Anoint the feet that in a short time would carry Jesus to Calvary where He would fulfill God’s calling and purposes, the redemption of man, the redemption of me and you. It makes me want to weep. Mary saw so much more than everyone else, she saw that Jesus was walking to God’s glory, was answering God’s calling placed on Him from before anything was. She said to herself that these feet are doing the work of God they are called by God to the hard task. Feet, those two things attached to the bottom of our legs that we take for granted and we don’t give credit to, but these feet carried Jesus to Calvary, these feet were nailed upon the cross to carry the brunt of Christ’s weight as He died for me and you. Those are Holy feet, worthy of our $50,000.00, 300 days wages.

Now, two more points to bring this to a conclusion. Can you, will you, look to see where God is in your life and around you? No one else saw the feet of Jesus and recognized their place in God’s hands. You and I are surrounded by feet everyday yet we do not see them. Look where you walk, when you walk, for God is there in your midst. Feet will come into your life. Will you see them and anoint them; acknowledging God has set them apart. Will you worship the Lord your God?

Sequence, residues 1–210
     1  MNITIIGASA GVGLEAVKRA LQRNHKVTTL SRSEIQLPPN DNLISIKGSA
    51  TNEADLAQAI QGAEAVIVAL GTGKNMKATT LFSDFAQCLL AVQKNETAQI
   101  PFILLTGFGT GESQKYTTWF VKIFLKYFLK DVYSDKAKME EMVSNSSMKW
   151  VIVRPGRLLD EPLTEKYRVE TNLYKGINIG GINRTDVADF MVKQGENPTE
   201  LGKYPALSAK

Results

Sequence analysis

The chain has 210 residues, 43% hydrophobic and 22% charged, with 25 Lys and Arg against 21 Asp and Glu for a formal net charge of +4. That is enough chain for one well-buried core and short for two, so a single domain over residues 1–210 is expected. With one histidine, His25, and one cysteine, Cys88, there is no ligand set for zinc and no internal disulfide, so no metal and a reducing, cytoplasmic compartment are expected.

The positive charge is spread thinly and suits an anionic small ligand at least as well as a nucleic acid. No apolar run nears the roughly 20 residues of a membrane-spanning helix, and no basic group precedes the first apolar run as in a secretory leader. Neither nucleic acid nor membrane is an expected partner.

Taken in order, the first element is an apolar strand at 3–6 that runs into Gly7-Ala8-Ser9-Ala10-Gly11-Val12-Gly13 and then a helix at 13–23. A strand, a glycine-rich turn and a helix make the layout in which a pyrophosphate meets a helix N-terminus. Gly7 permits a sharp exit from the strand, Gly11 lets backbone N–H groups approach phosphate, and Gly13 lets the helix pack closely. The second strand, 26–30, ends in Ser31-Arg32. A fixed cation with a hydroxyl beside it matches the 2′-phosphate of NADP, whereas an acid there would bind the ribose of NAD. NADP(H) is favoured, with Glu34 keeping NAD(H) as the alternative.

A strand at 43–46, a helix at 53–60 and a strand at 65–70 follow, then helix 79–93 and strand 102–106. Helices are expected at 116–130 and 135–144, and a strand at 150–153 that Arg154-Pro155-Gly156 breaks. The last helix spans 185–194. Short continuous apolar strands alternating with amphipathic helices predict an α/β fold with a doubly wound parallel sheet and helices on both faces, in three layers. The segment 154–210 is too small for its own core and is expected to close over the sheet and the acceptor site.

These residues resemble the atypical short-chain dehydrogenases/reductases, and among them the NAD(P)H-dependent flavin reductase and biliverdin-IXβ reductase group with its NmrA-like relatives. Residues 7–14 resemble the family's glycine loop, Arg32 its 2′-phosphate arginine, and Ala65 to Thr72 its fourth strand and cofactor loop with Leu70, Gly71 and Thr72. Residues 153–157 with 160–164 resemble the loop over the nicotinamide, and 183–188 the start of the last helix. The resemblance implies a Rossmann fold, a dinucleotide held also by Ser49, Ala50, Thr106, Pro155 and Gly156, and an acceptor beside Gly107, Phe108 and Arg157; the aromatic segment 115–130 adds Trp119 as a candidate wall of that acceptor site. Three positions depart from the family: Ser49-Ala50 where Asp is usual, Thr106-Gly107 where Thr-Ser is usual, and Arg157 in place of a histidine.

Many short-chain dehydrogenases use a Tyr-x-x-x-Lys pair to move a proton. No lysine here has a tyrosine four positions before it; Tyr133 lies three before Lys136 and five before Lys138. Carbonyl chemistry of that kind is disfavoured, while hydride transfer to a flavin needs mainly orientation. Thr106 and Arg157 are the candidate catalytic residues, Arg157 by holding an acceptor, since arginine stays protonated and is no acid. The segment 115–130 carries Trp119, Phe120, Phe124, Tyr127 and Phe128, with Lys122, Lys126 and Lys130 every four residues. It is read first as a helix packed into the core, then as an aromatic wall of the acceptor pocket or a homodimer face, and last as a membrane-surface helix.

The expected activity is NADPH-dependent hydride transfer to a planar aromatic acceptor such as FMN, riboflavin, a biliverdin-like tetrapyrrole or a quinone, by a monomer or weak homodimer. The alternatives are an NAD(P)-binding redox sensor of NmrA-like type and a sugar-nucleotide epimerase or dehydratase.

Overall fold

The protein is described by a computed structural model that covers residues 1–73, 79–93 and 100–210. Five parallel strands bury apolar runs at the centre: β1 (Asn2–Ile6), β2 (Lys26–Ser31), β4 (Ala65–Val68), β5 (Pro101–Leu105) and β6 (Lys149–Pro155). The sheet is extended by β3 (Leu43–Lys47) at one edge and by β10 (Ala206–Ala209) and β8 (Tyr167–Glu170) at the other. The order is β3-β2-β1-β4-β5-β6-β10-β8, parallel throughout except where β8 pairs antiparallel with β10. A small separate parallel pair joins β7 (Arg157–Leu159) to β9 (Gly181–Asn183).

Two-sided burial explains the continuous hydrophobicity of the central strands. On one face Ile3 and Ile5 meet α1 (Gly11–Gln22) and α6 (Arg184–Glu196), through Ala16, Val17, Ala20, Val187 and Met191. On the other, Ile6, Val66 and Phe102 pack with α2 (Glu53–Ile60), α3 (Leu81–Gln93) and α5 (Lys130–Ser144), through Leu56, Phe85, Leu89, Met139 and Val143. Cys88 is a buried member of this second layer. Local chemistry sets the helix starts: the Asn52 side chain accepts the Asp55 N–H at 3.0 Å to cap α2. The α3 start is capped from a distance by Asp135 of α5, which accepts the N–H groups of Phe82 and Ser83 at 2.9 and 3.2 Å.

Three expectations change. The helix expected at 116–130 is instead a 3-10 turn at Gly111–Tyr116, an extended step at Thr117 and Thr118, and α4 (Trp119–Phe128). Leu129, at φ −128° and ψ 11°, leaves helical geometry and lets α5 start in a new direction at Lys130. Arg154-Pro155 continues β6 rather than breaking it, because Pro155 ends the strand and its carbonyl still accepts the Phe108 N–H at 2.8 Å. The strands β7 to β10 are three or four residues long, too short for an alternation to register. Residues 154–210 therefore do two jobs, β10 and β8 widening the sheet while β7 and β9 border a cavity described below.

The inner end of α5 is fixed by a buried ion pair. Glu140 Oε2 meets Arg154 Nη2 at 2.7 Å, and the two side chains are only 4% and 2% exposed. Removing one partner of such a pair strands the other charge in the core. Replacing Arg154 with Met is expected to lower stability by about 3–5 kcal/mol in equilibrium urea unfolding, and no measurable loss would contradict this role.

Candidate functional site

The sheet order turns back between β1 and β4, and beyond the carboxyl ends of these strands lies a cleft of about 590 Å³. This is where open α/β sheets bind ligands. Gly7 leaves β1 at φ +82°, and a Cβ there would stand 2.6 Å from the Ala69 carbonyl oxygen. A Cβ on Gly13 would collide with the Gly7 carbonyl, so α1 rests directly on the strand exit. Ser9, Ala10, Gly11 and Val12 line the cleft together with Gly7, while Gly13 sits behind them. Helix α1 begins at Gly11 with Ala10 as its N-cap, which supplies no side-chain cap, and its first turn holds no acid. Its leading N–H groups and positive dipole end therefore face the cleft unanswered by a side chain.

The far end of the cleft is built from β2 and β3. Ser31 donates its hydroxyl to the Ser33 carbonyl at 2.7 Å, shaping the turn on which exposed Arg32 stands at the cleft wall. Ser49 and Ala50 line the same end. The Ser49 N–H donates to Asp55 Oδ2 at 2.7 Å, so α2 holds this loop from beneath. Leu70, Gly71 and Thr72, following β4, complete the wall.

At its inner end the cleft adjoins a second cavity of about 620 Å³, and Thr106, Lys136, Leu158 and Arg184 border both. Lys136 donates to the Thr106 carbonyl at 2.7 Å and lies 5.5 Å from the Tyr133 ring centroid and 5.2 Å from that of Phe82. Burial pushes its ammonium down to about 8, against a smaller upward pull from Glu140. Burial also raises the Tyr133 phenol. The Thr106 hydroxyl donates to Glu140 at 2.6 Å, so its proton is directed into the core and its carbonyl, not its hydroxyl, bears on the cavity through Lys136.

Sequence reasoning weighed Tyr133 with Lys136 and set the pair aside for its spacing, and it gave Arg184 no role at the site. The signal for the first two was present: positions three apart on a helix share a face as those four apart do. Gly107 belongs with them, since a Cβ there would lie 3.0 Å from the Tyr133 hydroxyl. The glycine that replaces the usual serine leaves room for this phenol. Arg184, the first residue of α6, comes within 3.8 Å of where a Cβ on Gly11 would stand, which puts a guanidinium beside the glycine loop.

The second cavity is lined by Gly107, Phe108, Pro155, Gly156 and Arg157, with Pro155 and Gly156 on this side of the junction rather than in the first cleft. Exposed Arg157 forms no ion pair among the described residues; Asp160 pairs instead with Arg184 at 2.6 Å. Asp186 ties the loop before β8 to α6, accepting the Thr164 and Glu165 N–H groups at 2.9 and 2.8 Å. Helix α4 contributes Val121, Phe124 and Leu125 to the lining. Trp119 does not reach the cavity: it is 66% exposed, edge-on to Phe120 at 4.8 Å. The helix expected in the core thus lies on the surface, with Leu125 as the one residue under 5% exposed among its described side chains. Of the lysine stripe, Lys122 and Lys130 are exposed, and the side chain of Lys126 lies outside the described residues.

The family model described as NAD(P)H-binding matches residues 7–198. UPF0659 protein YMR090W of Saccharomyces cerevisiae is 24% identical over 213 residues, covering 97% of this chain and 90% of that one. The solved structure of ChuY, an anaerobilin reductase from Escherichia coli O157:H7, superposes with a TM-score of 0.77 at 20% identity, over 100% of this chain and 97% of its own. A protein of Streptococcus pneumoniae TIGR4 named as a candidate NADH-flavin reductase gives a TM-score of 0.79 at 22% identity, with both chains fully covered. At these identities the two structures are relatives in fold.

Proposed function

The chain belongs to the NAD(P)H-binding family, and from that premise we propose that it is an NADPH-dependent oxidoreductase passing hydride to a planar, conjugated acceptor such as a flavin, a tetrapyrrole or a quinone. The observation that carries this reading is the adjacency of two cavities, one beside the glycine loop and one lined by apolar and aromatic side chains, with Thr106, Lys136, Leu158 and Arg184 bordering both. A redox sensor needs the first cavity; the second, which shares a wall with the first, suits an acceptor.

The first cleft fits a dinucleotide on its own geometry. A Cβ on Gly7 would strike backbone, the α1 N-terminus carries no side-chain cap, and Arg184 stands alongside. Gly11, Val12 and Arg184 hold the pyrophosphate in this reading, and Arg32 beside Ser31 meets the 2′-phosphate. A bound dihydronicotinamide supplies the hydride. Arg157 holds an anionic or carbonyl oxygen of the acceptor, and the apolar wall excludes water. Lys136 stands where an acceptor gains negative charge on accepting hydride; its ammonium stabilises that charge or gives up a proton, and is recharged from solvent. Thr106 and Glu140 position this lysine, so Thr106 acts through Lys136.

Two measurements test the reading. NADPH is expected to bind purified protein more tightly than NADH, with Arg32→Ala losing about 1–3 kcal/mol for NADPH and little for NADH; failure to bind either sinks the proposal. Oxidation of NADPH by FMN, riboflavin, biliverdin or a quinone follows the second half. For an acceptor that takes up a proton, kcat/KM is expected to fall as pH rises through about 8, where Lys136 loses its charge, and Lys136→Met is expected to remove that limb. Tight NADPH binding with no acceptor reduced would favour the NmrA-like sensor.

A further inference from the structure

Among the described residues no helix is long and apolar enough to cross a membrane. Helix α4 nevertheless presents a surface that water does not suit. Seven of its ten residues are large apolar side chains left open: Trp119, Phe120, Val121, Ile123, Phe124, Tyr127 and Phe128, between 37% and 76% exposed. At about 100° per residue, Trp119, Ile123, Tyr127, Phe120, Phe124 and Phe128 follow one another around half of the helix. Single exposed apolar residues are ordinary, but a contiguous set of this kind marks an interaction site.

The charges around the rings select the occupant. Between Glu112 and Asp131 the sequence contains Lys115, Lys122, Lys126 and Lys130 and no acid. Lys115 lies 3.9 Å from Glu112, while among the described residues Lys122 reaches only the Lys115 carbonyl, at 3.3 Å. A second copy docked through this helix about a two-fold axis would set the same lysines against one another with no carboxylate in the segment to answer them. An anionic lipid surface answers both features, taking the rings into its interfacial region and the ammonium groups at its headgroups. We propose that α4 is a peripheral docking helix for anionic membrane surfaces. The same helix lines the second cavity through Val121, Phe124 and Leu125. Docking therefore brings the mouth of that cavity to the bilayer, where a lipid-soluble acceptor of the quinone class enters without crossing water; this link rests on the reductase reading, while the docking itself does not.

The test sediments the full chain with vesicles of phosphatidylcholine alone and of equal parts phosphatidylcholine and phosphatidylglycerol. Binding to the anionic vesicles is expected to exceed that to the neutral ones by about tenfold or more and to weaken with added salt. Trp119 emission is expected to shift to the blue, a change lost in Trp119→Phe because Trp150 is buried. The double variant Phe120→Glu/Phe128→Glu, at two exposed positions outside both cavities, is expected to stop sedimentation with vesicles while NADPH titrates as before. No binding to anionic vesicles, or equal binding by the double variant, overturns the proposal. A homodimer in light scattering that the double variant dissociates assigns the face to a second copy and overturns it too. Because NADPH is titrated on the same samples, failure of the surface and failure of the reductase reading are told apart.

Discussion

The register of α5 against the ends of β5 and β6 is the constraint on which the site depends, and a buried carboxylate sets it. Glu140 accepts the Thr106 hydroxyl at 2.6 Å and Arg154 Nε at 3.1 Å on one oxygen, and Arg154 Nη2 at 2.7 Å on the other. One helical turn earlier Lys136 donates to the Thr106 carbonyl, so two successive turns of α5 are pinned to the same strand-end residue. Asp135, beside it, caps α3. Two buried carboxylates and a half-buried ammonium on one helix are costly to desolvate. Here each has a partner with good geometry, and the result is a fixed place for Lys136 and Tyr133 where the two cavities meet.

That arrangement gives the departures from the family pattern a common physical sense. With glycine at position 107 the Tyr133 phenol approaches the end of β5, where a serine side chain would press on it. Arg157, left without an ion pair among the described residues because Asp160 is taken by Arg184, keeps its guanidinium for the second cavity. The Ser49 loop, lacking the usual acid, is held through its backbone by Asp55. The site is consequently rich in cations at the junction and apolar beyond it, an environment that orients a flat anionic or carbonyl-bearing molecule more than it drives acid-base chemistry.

Finally, you yourselves, as well as I, we are feet in our own right because we have been called by God to walk. We are called to walk to Calvary to bring about that which God has purposed and God has anointed us for His good purposes to serve and love Him daily. Every time we rise from bed we need our feet, all day every day. They are vital to our lives, vital to accomplish all that is needed.

Mary anointed the feet of Jesus. Will you allow God to consecrate and set you apart for Himself? Rather than will you the question is will you acknowledge that you have been anointed and set apart for God, you are called by the Most Holy.




When I think of Jesus I think of Presence.  With Jesus there are so many facets to His presence.  Yes, He is Lord, He is Healer, He is Peacemaker, He is Joy, He is comfort, He is Tender, He is Loving, He is Kind, and He is Complete Wholeness.  All of these attributes occur at the same time and the same and are present for all to partake of.